The Impact of Climate Change On Agriculture: A Zambian Farmer’s Perspective

Published on 17th May 2022

My name is Chanda Mongo from Lusaka, Zambia. I am a Socio-economic Researcher, and consultant. Today, I speak to you in my capacity as a farmer. In my brief comments, I’ll attempt to look at the impact of climate change, and the war in Ukraine on the agriculture sector in Zambia. I’ll particularly focus on the Zambian staple grain, Maize, or corn, as it is called in other territories.

In terms of production, 70% of the maize grown in Zambia is produced by small scale farmers, who predominantly depend on rainfed irrigation.

During years of floods or droughts, or both as the case has been in the current rainy season which is just about to end, crop yields get negatively impacted.

The rainy season in Zambia usually starts at the end of October/Early November. However, the 2021/2022 rainy season started only at the very end of December, which was almost two months late. Consequently, most farmers especially small scale farmers who rely on rainfed irrigation were undecided about planting their seeds, mainly maize.

The initial rain lasted only two to three weeks, after farmers had planted their seeds. Sadly, a drought which lasted about three to four weeks followed. This stressed most of the newly germinated crops in most farming areas in Zambia.

A number of farmers had to replant their fields when the rain was back. The most dominant feature of this return of the rain, was cyclone Anna, which was approaching from the South East coast of Africa, mainly Mozambique, where it left a trail of distraction. As the cyclone moved westwards inland though Malawi and Zambia, even though it lost some momentum over the thousand plus, kilometres distance, it still blew down a number of trees, crops and infrastructure. Amongst the catastrophic impacts of the cyclone on agriculture was the flooding of a number of crop fields, as well as the drowning of large herds of livestock, some of which were literally being swept into fast moving rivers, especially in the southern region of the country.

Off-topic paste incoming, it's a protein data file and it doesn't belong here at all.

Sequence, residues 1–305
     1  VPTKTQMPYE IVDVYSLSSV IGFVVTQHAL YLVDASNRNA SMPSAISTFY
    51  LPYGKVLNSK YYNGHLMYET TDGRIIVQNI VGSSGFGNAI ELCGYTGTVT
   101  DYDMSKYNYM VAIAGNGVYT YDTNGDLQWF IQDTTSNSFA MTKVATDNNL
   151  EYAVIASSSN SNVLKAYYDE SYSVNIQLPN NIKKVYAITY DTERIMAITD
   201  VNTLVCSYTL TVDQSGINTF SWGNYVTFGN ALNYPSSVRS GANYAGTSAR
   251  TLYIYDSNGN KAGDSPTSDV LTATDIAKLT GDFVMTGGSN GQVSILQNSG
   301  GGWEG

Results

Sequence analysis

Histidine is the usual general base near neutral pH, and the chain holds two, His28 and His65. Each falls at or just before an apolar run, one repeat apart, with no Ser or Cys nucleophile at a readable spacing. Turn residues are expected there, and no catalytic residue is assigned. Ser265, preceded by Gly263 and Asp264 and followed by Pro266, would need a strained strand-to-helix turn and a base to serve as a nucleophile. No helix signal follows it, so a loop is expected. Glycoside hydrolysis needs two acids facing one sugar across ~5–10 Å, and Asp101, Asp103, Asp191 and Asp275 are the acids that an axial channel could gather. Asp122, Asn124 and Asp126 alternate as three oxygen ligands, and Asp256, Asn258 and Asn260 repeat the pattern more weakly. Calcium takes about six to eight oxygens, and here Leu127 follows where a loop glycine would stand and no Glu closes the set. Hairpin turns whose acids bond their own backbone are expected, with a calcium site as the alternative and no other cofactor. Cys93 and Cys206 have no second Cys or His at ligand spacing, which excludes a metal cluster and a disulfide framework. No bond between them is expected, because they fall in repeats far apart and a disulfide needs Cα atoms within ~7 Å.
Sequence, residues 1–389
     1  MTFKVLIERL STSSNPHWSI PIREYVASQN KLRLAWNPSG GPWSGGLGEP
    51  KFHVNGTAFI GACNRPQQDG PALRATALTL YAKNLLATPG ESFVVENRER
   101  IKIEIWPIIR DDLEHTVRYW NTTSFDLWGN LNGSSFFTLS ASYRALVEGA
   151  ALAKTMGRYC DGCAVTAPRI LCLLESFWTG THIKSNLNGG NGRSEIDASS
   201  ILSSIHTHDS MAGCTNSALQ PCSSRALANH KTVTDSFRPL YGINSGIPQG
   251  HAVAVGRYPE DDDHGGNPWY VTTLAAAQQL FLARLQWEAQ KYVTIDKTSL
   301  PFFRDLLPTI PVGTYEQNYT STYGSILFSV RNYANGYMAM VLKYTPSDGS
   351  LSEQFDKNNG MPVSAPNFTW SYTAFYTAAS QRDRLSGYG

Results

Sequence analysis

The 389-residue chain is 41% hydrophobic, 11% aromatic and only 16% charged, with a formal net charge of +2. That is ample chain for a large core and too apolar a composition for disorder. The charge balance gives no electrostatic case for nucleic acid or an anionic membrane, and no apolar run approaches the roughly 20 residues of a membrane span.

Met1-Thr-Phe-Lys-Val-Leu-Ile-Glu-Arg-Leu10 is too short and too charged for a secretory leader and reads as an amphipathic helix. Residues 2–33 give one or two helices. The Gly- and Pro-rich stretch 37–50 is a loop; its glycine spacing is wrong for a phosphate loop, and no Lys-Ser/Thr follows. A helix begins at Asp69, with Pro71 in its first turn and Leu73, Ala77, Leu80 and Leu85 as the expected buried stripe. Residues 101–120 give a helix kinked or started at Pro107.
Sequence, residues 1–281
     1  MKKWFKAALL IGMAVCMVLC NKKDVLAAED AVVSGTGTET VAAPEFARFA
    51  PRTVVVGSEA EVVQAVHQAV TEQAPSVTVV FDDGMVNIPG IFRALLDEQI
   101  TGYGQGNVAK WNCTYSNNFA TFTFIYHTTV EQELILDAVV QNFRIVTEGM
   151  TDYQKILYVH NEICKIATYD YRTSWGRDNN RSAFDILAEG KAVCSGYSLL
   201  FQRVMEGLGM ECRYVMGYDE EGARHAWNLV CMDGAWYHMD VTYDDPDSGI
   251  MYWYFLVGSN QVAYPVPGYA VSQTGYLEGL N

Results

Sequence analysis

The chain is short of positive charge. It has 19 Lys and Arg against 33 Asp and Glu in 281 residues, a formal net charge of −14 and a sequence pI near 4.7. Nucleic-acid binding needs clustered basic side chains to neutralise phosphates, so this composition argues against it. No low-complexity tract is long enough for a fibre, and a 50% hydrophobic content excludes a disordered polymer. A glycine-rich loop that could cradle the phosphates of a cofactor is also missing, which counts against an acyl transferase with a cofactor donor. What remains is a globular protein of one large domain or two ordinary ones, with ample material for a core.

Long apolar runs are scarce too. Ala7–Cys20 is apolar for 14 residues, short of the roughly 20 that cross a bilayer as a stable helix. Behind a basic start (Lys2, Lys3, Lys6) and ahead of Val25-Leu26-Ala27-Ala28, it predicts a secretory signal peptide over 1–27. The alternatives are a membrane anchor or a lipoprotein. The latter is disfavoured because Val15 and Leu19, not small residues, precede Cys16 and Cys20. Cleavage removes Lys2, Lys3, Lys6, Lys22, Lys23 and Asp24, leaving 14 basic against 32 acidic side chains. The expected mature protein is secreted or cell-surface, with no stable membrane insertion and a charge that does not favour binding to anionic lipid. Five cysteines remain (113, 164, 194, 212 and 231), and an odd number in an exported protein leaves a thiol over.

It is noteworthy to mention that the varieties of hybrid seeds which are currently on the market in Zambia, like in many other countries are highly dependent on fertilizers in order for high yields to be attained. For more than five decades, chemical fertilizers are what have been in use on a large scale by large scale farmers, and small scale farmers, including the government supported and managed Farmer Input Support Programme (FISP), which targets small scale farmers.

Fertilizer being a major input in the growing of maize and other key crops, is invariably a prime driver of the cost of production and subsequently, inflation.

The current war in Ukraine has no doubt already begun negatively impacting the prices of fertilizers in Zambia.

Just to give an example, the prices of Urea fertilizer, whose inputs are less dependent on the Russian region, have gone up by 19.3 % in US $ equivalent terms between end of December 2021, and 19th April, 2022. On the other hand, the price of ‘D’ compound fertilizer, whose phosphates and other inputs are largely Russian dependent went up by 47% during the same period.


Arising from the above trend, at farm level, we decided to apply only animal manure, from our cattle, sheep, goats, and chickens instead of the chemical fertilizers which we have been using all along. To our pleasant surprise, we never suffered any reduction in yields or sizes of our maize cobs, pawpaw, bananas, oranges, or indeed the sizes of our vegetables (broccoli, cauliflower, cabbages, lettuce etc.). If anything the sizes went up. The market was very receptive to our farm produce.


It is projected by many global and local commodity commentators that should the war in Ukraine continue for longer, the chemical fertilizer prices for the next farming season starting end October/early November in Zambia will be even higher, leading to unsustainable crop production costs resulting in a real threat to food security at both household and national levels.

As a natural consequence, many AGOA targeted crops like cotton and tobacco will be negatively impacted in terms of output prices and volumes.


Going forward, it would be a great relief if under the AGOA programme, investments into the development and production of more drought resistant maize and other cereal seeds, were made.

Equally important, would be the development and production of organic and other non-Russian dependent fertilizers.

I am convinced that Civil Society will find time, interest and energy to lobby for the above two and other related recommendations, with the key global decision makers.

By Chanda Mongo

Zambia-based Socio-economic Researcher and consultant

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